HKJA’s view on CE’s REMARKS THAT “journalists have no privilege”

“I don’t see why journalists need to have the privilege. Things that can’t be seen by others need to be seen by journalists? This is what privilege is about. No one in Hong Kong has privilege.”

“I have emphasized that I do not see why journalists should hold special rights,” Chief Executive Mrs Carrie Lam said today (30 March) at a media session before the Executive Council meeting. HKJA believes that the CE’s remark is extremely misleading. We reiterate that journalists have never asked for privileges. Journalists conduct investigations and reports to disclose abuses and injustices in order to protect the public interest. Registry search is a long-standing method of verification in investigative journalism. HKJA reminds Mrs. Lam to bear in mind the “Press Freedom Charter” signed by her four years ago. By signing the Charter, she pledged to defend press freedom and actively promote the formulation of a freedom of information law. We hope that the Chief Executive will not take the initiative to tighten press freedom and freedom of information without fulfilling her previous promises.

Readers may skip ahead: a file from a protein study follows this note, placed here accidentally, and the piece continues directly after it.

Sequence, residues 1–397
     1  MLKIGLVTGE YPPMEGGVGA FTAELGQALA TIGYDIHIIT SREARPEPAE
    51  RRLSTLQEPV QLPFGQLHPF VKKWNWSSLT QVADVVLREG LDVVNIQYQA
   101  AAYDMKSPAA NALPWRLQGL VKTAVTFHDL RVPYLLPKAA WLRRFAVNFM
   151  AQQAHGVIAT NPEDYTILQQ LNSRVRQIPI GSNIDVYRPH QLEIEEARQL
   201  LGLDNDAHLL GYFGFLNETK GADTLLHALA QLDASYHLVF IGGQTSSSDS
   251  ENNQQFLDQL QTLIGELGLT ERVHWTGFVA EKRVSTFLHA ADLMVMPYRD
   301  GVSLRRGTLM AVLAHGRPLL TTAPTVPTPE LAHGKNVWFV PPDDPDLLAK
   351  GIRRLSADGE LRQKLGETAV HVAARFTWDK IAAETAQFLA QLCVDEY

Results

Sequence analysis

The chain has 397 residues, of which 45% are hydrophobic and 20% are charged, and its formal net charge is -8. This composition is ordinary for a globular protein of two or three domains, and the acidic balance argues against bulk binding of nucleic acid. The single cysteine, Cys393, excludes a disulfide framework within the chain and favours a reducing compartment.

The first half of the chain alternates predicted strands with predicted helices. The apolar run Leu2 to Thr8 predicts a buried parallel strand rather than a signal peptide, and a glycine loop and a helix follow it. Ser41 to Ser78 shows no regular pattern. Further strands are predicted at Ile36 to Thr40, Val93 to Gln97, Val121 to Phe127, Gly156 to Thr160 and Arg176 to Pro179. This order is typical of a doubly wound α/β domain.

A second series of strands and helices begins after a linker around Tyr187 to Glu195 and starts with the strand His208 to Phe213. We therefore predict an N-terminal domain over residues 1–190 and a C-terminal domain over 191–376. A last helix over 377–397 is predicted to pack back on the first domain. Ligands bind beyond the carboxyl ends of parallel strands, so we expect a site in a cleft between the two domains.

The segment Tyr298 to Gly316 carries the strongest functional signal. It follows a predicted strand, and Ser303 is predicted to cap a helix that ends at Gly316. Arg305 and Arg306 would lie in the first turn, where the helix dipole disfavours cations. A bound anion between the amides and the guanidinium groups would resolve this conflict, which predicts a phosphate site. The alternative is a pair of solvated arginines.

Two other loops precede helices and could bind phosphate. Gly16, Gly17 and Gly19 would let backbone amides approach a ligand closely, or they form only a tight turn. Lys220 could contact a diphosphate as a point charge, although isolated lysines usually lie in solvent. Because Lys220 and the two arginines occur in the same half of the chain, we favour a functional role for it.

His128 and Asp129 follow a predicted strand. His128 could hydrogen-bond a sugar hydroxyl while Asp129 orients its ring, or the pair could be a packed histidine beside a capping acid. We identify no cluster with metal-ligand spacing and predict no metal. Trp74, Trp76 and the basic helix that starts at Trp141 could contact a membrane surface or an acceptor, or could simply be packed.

The media’s Fourth Power to monitor the society is protected by the Basic Law, the Hong Kong Bill of Rights Ordinance, and the Personal Data (Privacy) Ordinance. The Personal Data (Privacy) Ordinance further stipulates that news activities can be exempted from the Data Protection Principle concerning the use, access and correction of personal data under certain circumstances. More importantly, there were many reports involving major public interest in the past, such as the misconduct of Fung Wing Yip, former Deputy Secretary at the Economic Development and Labour Bureau (EDLB) during his office, the illegal structures controversy of the Secretary for Justice Ms Teresa Cheng, and the Financial Secretary Paul Chan’s subdivided flats scandal, development land scandal and the transfer of assets before assuming the post of Financial Secretary, were all revealed by the media through vehicle registration searches and registries searches.

CE also pointed out this morning that it is necessary to prevent “doxxing”, publish fake news and hate speech on the Internet, and to prevent personal data from being “weaponized”. HKJA reiterates that the government has never provided any evidence that journalists are involved in the above-mentioned misconduct; journalists who are performing their fourth power loyally, need to verify the information they gathered before publication, various registry searches and inspection of public documents are important methods for verification, and it also proves that journalists are responsible and reliable, and who respect the truth.

Hong Kong Journalists Association

30 March 2021


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